Statutory Instrument 64 of 2016 (SI 64/2016) which was crafted by the Government had a positive effect of stimulating domestic productivity. It also encouraged consumption of locally produced products.
The noble idea behind the policy was to protect local manufacturing industries against foreign companies “which were enjoying competitive advantage owing to low production costs in the countries of origin as compared to the local macro-business environment.”
To some extent, the new law borrowed from protectionism. Economics say “protectionism is the government’s actions and policies that restrict or restrain international trade, often done with the purpose of protecting local businesses and jobs from foreign competition. Classic methods of protectionism are import tariffs, subsidies, quotas and direct state intervention. An advantage of protectionism is that it keeps the domestic economy rolling. Since there is a decrease in imports, domestic firms have less competition, and so are able to continue.
The domestic economy will also be strengthened because unemployment will be down due to the domestic firms and they will be able to produce and sell more goods with a lot less difficulty, giving firms less reason to decrease costs by decreasing the workforce. Those with jobs will continue to consume while allowing the economy to flow.”
Moreover, a number of local companies have attested to improved business after the Government intervention, recording a steady growth in business and profits.
It is in the same vein that we believe the Industry and Commerce Ministry should be commended for coming up with policies that seek to reignite the fire in local industries. After last year’s intervention, the ministry has announced the Public Procurement and Disposal of Public Asset Policy, which is another tool to recapitalise and re-energise local industry.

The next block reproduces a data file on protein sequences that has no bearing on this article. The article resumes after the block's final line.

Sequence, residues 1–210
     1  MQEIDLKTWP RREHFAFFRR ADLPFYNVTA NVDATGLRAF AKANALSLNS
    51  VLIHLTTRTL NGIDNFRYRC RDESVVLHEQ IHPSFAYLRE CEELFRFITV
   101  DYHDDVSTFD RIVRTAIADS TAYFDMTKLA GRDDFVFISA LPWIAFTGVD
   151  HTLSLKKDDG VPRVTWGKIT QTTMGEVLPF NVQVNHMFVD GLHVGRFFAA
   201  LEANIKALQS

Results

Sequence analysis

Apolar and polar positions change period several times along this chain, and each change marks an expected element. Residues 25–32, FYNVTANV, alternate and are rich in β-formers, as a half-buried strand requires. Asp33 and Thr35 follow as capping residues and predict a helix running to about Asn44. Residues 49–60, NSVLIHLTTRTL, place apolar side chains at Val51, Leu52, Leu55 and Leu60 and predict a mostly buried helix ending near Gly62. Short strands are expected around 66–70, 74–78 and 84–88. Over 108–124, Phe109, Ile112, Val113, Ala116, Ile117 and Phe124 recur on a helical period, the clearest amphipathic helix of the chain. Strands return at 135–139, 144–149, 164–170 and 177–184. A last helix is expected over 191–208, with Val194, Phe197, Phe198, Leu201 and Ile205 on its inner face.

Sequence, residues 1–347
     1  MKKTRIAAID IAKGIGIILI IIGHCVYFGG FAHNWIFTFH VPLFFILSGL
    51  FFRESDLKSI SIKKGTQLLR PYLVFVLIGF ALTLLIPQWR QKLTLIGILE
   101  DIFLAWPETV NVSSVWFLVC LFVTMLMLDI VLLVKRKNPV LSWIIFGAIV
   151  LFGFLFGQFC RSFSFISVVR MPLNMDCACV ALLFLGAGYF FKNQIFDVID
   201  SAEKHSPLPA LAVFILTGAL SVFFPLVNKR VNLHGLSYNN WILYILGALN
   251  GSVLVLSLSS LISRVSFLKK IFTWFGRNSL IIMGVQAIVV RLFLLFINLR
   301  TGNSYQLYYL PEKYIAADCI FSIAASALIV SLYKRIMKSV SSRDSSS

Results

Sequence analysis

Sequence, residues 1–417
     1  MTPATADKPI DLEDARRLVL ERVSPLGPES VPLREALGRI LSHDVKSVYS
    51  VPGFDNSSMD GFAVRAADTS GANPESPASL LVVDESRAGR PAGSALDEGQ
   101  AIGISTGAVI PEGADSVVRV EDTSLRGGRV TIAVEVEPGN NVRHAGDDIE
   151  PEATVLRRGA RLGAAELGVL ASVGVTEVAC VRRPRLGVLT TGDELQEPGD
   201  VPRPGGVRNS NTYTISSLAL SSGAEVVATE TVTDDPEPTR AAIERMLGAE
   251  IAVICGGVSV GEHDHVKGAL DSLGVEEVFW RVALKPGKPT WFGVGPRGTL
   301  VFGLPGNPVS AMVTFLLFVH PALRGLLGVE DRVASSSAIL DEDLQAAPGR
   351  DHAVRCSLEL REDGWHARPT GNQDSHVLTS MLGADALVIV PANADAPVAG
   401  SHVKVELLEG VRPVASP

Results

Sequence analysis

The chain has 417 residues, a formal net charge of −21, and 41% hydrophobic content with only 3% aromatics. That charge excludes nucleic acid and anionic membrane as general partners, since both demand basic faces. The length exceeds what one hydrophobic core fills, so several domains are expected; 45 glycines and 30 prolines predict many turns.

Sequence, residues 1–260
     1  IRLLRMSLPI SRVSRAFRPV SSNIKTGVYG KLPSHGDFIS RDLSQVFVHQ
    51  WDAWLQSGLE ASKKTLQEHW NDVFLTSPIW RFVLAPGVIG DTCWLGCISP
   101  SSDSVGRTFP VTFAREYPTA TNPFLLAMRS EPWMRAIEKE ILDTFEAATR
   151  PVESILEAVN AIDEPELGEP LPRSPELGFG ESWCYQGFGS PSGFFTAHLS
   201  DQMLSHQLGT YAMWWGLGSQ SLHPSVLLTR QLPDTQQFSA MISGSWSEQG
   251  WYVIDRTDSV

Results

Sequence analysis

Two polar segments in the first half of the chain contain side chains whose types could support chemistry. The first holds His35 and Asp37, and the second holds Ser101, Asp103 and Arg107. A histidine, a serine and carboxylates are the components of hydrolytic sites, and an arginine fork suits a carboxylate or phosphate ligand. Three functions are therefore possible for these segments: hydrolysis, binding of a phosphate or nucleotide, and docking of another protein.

We say this because captains of industry have said the Public Procurement and Disposal of Public Asset Policy will promote local procurement of goods as well as curb underhand dealings in the acquisition of assets by Government and its various departments.
The Public Procurement and Disposal of Public Asset Bill sailed through the committee stage in the National Assembly recently and is now before the Parliamentary Legal Committee to check for its constitutionality.
The Bill would ensure that evaluation of bids by procuring entities gives preference to bids from Zimbabwean or local suppliers and manufacturers. The Bill is also expected to ease the extent to which Zimbabwean or local suppliers and manufacturers participate in the supply of goods, and construction works and services in accordance with provisions in the Indigenisation and Economic Empowerment Act.
“Public Procurement and Disposal of Public Assets should have minimum local content rules from a national as well as from regional or community perspective, for example, a Bulawayo wholesaler must purchase a certain percentage from within Bulawayo to attract industry and employment to the city,” said Confederation of Zimbabwe Industries president Mr Busisa Moyo.
We believe the new piece of legislation will also curb the unnecessarily importation of goods that can be sourced locally.
Such policies, though having their own critics or shortcomings, are ideal for the situation that the country finds itself in, and in its endeavour to resuscitate local industries and create employment.